How to Make Learning Fun for Young Kids

Many parents see their children lose strength almost as soon as they start school. They do not want to get up in the morning, it is difficult to do their homework. Children become distracted.

Obviously, they just ignore a lot of information. But, what is most unpleasant, children often come home from school irritated or offended. And we don’t recognise our kids. He went to school like on a holiday and now is sleepy, tortured and angry at everyone.

Are these the skills that the school provides? Or is it a payment for knowledge that, as you know, cannot be given without difficulty? How does it happen that by gaining one thing, we lose another? Previously, the child could not read, but was cheerful; now he can read, but for him reading is torment?

Why don’t kids have an interest in studying?

The reluctance to learn is manifested in the fact that children forget to do their homework, they have a mess in their textbooks and desks, in class they draw, look out the window, talk with classmates, they are bored in class. Such children may blame teachers for their poor grades, but more often they do not care about academic failure.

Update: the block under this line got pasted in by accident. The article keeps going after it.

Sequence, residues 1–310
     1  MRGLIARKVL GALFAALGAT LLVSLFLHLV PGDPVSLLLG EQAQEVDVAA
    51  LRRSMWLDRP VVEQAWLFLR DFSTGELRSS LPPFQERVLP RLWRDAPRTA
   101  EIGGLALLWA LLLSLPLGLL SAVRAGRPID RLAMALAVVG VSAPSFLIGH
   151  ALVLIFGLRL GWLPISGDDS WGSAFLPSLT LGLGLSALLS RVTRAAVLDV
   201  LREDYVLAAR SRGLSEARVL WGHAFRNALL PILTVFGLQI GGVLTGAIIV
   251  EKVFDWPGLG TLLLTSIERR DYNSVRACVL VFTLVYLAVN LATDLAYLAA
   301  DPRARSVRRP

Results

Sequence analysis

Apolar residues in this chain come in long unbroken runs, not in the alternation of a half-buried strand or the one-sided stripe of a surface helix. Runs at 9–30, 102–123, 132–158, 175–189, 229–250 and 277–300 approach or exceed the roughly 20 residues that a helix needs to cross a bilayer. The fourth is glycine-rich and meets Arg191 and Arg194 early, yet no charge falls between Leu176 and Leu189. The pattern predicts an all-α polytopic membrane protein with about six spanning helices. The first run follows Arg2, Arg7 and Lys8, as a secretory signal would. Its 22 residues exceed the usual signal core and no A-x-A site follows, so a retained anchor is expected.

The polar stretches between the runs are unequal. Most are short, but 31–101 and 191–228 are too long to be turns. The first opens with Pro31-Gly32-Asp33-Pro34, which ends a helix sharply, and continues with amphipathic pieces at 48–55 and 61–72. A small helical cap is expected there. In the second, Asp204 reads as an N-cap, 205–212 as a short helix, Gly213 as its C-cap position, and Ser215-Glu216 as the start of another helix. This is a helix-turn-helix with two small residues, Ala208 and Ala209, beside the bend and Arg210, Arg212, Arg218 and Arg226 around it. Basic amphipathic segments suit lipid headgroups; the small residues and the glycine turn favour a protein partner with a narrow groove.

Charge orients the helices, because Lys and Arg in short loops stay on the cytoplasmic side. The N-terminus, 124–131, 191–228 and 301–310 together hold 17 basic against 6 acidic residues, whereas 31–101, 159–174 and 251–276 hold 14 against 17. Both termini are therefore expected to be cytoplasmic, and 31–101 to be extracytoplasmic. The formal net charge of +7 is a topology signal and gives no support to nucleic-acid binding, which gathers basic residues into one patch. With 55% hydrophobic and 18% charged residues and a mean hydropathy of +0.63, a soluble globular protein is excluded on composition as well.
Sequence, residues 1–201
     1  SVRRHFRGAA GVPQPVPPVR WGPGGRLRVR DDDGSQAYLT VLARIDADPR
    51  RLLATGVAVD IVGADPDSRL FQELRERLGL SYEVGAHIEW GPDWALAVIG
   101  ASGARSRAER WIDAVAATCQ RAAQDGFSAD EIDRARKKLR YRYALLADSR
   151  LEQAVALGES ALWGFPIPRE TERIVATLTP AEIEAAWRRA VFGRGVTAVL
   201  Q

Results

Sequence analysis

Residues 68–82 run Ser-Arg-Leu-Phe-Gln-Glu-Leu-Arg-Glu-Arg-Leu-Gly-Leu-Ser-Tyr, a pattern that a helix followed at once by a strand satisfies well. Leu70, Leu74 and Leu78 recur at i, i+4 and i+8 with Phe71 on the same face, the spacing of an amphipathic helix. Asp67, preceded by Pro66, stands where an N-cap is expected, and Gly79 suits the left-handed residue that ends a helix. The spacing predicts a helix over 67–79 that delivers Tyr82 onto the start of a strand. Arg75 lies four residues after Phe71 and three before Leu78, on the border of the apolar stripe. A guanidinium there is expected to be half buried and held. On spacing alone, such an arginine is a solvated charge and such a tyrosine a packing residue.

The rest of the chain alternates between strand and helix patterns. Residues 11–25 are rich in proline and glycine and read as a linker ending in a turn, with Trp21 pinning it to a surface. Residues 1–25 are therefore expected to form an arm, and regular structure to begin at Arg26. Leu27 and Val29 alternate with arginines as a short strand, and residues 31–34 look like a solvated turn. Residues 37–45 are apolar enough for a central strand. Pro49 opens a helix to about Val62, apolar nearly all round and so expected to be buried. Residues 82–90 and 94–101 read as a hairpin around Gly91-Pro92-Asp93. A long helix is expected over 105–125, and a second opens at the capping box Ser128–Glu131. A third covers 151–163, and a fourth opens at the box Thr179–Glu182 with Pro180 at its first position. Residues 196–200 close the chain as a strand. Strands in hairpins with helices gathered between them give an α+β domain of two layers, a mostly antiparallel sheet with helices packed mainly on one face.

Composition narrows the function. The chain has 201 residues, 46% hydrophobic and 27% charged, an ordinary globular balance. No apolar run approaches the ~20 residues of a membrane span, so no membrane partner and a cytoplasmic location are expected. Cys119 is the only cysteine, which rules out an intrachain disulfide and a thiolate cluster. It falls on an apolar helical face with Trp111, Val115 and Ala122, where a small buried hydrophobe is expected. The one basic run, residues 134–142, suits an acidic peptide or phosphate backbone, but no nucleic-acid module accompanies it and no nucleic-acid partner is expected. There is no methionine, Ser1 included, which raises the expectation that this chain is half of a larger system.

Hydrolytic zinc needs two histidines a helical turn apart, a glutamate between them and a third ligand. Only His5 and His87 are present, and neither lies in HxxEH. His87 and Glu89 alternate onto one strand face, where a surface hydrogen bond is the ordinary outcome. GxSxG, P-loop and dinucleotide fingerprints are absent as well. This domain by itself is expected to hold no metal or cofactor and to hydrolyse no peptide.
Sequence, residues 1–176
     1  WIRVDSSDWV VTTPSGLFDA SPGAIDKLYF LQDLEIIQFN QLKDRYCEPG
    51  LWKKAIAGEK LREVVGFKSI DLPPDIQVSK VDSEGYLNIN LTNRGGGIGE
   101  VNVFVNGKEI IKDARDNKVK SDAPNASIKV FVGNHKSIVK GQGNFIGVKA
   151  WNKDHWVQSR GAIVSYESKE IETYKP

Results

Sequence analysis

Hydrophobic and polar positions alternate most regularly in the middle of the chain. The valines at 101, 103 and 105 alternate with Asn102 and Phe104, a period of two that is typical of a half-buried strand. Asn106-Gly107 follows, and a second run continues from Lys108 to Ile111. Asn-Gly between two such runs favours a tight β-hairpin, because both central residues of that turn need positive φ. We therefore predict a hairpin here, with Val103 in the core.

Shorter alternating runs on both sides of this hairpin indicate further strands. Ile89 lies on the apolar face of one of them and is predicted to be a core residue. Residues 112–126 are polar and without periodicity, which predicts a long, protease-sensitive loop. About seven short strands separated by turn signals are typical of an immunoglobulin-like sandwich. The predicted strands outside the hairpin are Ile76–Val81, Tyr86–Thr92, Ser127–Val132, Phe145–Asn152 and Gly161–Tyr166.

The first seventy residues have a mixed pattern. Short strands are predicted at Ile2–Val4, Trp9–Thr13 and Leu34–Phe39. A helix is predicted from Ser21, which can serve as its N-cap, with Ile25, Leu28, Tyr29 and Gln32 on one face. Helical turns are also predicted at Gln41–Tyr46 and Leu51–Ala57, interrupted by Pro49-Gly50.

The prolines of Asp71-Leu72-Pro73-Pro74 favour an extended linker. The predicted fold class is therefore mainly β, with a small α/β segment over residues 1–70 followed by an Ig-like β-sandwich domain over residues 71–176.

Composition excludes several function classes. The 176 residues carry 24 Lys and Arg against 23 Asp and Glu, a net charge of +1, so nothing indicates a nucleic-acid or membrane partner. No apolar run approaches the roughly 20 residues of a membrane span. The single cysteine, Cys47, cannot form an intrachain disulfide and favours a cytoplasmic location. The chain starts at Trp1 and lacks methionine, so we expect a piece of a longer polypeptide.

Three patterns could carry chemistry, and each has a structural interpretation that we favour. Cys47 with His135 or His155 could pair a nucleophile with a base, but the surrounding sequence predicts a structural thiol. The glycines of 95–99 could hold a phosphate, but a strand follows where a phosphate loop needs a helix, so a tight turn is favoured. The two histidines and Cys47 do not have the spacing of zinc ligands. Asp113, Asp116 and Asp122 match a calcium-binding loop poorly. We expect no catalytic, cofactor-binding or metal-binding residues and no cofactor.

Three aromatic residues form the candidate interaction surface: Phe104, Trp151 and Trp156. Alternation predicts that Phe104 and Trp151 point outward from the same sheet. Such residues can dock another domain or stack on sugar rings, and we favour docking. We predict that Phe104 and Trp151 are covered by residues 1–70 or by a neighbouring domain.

Why kids don’t want to learn? Even experienced teachers are not always ready to unequivocally answer this question, but we will try to give the most simple and effective ways to motivate your child.

What influences unwillingness to learn

1. Conflicts with teachers

Often, even the teachers themselves are unaware of the conflict with their pupils. They may notice that the student has poor academic performance, his behaviour has changed, although, as it seems to the teacher, there was no conflict as such. In fact, the child could hear unpleasant words addressed to him or harbour a grudge against the teacher’s behaviour. The child can feel depressed, feel fear, he develops a negative attitude towards the teacher. In most cases, children do not want to tell their parents about their fears related to school, this conserves the conflict and the difficulties associated with it.

2. Conflicts with peers

If such a problem has already developed, then it can be very difficult to align it without consequences for the child.

3. Physical defects

For example, stuttering, trembling limbs and others. It is very difficult for children to get used to the idea that they are somehow different from their peers. It becomes especially difficult in cases where the shortcomings cause bullying and laughter from classmates. Knowing about his problem, the child does not want to become the centre of attention, feel humiliated and once again appear at school.

4. Pressure on the child from parents and relatives

We set high standards for children, sending them to the best schools where education is conducted at a higher level, enrol in various sections. Just imagine how many hobbies parents are trying to give their children, without taking into account the opinion of the children themselves. Parents shout, resent, scold children if they bring bad grades or simply do not meet the results of their classmates. Consider if you are putting too much pressure on your children to do things they don’t want.